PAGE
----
• Lara-Joyce Käser

Unanimous resolution, can it be sufficient?

The Council of the European Union was the first committee to vote on their resolution draft of the first topic: the future of AI in the European Union. As predicted this topic only held smaller contradictions.


In the debates it became clear that ethics regarding artificial intelligence was a crucial aspect for every delegate. Therefore, the first clause tries to take control of that. Although securing ethical standards EU-wide seemed to be a matter of personal importance to everybody, the contractual commitment is not really tight. Surprisingly, the resolution passed with 17 votes in favor out of 17 delegates. Before, especially the aspect of how legally binding the resolution should be, concluded in two divided groups among the delegates. Poland – the probably strongest opponent to a new EU body coherently regulating the member states – even became a signatory at the end. This can be explained by subclause 1f, the resolution only encourages the member states to enact the ethical code, but the details are “enforceable by the discretion of the responsible Member States authorities” (Resolution 1, 1f). By giving up on binding regulations to secure fundamental rights for every European citizen, the draft received unanimous approval. It is debatable whether this trade-off is satisfactory.


Moreover, a call for transparency and improvement of digital skills should make the application of AI systems safer as the users will be more educated. This seems to be a splendid approach to integrate the use of AI in our daily lives and to acquaint people to it, as artificial intelligence will play a major role in our future. Nevertheless, the measures do not guarantee to create further acceptance of algorithms determining our daily lives and machines replacing human workforces and even outmatching human capabilities.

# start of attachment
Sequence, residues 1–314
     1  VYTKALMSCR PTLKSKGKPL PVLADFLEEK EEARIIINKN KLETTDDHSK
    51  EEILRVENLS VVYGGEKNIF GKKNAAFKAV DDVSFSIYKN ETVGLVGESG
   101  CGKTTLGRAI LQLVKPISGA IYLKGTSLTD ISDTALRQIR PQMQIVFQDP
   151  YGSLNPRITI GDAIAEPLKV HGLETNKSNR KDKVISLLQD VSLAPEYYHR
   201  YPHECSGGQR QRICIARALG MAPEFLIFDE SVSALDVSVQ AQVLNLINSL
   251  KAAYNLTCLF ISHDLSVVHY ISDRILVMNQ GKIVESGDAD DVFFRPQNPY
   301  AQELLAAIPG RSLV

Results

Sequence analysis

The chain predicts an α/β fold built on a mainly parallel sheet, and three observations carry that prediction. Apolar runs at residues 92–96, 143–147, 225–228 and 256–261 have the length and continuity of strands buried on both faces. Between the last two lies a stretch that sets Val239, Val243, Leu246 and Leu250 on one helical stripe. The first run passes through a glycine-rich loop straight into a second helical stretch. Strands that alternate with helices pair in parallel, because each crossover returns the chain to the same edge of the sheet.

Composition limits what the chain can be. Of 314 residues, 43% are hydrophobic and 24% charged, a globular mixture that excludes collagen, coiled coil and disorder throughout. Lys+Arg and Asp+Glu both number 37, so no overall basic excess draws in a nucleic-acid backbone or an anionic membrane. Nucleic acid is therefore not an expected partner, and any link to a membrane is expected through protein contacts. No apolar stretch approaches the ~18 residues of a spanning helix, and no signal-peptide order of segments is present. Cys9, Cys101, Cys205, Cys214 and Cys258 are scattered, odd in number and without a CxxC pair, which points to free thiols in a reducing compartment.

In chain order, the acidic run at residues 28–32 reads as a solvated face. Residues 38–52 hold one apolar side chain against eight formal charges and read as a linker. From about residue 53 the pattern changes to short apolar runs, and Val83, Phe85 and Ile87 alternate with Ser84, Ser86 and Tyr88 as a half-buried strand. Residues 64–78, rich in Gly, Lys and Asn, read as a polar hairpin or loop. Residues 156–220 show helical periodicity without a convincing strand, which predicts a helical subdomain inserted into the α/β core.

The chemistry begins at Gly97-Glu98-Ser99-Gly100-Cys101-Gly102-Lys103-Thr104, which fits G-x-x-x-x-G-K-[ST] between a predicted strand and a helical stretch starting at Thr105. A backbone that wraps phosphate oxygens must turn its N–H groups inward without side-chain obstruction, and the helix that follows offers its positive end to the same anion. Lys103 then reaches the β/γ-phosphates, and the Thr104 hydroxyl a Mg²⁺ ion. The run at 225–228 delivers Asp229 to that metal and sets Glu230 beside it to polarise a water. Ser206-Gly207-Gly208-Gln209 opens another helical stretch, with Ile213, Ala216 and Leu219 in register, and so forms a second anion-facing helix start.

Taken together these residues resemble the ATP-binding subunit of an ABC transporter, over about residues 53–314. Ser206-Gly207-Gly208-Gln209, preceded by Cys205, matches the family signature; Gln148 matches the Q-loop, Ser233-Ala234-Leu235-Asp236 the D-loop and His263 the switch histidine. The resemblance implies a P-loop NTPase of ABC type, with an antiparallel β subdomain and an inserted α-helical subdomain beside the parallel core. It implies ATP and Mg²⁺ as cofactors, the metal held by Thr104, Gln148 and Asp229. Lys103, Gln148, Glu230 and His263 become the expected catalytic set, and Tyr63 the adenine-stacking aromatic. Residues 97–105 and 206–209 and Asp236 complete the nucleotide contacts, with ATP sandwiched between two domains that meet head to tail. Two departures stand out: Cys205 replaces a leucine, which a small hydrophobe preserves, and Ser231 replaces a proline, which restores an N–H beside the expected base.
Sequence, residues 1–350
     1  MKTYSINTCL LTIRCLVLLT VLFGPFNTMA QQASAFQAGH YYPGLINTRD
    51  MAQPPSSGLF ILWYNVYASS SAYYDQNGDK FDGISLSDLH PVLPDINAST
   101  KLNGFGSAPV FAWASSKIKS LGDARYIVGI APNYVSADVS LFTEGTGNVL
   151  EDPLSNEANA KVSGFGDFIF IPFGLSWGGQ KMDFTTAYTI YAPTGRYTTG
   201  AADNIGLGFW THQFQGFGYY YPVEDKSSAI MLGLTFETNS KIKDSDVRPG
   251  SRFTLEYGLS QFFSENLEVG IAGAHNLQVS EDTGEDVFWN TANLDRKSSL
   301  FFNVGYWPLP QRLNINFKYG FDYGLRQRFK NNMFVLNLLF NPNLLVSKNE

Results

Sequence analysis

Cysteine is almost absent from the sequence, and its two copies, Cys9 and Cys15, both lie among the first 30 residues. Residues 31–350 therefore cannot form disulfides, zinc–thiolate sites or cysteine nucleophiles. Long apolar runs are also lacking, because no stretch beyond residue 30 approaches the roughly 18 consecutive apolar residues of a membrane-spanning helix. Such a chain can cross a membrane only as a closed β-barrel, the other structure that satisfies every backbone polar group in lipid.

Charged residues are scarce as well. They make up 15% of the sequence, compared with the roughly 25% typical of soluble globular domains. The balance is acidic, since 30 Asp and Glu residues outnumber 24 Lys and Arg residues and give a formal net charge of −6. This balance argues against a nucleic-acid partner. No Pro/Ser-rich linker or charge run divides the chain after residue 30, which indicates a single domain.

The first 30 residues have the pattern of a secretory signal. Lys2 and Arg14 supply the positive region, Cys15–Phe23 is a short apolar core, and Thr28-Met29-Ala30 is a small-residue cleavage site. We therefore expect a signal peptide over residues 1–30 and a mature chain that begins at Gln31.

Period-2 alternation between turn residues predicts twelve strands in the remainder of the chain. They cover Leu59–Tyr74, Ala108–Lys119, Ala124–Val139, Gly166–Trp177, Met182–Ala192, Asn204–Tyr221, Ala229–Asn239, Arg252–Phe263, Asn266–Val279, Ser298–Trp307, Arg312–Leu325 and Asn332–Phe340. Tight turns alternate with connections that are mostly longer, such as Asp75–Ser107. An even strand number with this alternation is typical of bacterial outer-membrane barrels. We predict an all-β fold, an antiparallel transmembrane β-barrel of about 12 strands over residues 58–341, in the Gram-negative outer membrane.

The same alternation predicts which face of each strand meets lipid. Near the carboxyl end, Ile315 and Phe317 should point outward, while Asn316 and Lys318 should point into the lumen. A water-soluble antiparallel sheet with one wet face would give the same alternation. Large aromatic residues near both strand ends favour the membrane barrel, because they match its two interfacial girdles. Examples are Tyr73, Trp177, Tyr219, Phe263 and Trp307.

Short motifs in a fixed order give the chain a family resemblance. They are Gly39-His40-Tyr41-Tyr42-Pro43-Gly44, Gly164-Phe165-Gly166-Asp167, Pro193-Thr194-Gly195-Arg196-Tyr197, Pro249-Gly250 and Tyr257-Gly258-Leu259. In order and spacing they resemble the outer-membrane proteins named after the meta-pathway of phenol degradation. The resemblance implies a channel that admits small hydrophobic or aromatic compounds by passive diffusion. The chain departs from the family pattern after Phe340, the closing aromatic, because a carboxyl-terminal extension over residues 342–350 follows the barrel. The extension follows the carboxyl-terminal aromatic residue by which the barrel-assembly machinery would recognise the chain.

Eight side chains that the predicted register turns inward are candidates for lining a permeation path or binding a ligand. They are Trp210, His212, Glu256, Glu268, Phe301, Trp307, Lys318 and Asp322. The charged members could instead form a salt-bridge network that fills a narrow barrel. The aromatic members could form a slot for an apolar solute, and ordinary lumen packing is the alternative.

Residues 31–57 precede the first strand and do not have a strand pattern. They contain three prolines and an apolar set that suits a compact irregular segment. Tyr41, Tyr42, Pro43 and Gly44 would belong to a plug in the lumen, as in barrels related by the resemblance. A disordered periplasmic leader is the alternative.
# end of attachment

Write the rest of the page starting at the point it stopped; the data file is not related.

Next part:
As the economical aspect of Artificial Intelligence is a tremendous advantage of fostering the use of AI and expanding research on it, it takes another major part in the resolution.

The resolution invokes to elaborate cooperation between the member states and private actors across the EU and to improve funding in order to invest in the benefits of AI and to establish an epicenter of AI in Europe. However, the prospect of possible job losses due to artificial intelligence was kind of neglected during the debate. It remains unclear how the European Union wants to handle this structural change.

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